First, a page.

A more troubling deception awaits, however, as Edgerton goes a step further than home invasion: what happens when your entire life is suddenly invaded and upended? What if the outwardly perfect life you’ve constructed is has its foundation in shameful secrets? Much of The Gift’s effectiveness lies in its cerebral twists, which unfold with the verve of a trashy thriller yet retain a punch in their perception-shifting turns. At a certain point, you begin to actively revel in the comeuppance unfolding on-screen, a sense of delight creeping into your brain once you realize The Gift is shaping up to be a warped takedown of an obnoxious, entitled mindset as it toys with the dynamic between its predator and prey.
Edgerton deftly pitches his own performance to place Gordon in a nebulous zone between awkward and creepy. He strikes you as the sort of guy who has spent too much time stalking former classmates on Facebook and has moved his obsession into real life. As pitiful as he is dangerous, Gordon proves to be slippery until the final credits in his quest to channel his own victimization into a sick revenge plot. His tortured past is immediately evident in Edgerton’s desperate eyes, but the breadth of it reveals itself later through a visible pain he relishes in passing on like a curse.
(Mild, vague spoilers from here on out.) On the receiving end is Bateman, whose usual easygoing shtick is quickly undercut with a passive-aggressiveness that begins to smother the screen. At any given moment, it feels like Simon will raise his voice to the level of condescension expected of patronizing businessmen. Gordon may be strange, but he’s genuine in a way Simon is not, as nearly every word rolls off of Bateman’s tongue with total inauthenticity—like Robyn, you begin to have a hard time believing a man whose face seems to deploy dismissiveness as a reflex. Simon has a resting bitch face that becomes a perfect avatar for smug men who are as hollow as their forced apologies. He’s a bully who’s never had to answer for anything in his life until this specter from his past gloriously forces him to squirm. You don’t want him to wriggle off the hook.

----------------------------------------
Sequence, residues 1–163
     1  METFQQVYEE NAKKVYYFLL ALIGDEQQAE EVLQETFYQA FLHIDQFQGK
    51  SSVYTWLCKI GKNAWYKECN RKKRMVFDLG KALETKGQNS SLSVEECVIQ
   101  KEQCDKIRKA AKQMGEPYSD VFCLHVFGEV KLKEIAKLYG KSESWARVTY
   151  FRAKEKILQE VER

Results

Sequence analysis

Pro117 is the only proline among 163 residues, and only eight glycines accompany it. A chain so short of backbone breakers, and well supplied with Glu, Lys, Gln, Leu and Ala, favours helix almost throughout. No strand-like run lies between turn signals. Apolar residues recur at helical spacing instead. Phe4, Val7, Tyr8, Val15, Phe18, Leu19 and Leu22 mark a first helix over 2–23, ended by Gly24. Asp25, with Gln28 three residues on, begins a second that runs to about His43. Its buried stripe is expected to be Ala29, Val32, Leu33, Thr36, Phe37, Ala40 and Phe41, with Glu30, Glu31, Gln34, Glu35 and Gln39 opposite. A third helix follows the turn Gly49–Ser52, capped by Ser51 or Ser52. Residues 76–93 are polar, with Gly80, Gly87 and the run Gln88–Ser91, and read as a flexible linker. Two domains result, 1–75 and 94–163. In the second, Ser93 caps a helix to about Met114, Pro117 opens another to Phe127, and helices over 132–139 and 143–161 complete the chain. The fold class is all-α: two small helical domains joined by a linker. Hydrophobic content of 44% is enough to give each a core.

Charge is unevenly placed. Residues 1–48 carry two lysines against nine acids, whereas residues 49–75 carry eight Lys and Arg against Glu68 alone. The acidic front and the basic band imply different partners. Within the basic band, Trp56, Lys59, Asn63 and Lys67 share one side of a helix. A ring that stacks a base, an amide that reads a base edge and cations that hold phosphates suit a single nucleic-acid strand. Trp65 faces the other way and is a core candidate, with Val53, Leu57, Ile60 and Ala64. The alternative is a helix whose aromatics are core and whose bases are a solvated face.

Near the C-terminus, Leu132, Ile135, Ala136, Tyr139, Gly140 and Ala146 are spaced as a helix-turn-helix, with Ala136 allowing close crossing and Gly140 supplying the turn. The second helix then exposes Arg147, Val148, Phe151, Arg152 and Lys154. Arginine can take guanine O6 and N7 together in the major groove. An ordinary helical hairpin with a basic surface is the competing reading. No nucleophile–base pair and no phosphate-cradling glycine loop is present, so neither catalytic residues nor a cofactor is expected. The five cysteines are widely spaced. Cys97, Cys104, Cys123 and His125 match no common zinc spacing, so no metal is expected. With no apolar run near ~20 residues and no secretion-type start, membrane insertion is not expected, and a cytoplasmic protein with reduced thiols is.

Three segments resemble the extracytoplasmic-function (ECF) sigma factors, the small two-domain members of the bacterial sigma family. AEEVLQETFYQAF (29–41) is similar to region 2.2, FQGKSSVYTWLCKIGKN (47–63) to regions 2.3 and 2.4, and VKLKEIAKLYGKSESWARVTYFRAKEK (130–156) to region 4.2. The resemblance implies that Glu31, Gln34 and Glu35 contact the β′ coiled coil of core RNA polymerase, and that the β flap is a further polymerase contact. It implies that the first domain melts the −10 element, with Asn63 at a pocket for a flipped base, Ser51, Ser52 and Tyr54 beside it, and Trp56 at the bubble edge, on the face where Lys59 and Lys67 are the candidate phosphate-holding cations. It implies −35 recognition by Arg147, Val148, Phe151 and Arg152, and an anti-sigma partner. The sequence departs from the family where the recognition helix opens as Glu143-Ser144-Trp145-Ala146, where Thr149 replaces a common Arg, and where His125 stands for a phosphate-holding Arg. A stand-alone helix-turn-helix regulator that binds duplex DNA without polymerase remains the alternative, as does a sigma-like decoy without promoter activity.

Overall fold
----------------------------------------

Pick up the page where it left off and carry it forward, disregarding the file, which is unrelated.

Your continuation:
The Gift similarly wants him to writhe, as it subjects him to a climactic revelation that unravels with a perverse sense of anticipation. Opening a “gift” has rarely felt so ominous and exciting all at once, and, even if an astute viewer can guess its contents, the film reaches beyond its base perversions to leave on an ambiguous note. Edgerton’s only glaring misstep comes here, as Robyn sadly becomes a passive instrument of revenge; what had been her story suddenly reduces her to an object caught in the crossfire of two men. In mining these dark, lurid developments, Edgerton loses a grip on the tone—your willingness to revel in this trashy comeuppance sort of dissipates once you consider who the true victim is and how the film now has little time to consider her.
If you don’t consider the resolution an indictment of toxic masculinity’s ill effects on women, I suppose you’d call it problematic. Certainly, it’s disappointing to see a heroine’s body become something of a battleground for two men, and this speaks to the film’s willingness to indulge in twisted material. It doesn’t feel safe, at any rate, and its provocation is welcomed in place of the flavorless, disposable stuff that floats in and out of theaters like so much ephemera. I have issues with The Gift, but isn’t it sort of great to have issues instead of completely forgetting about the movie before you leave the parking lot?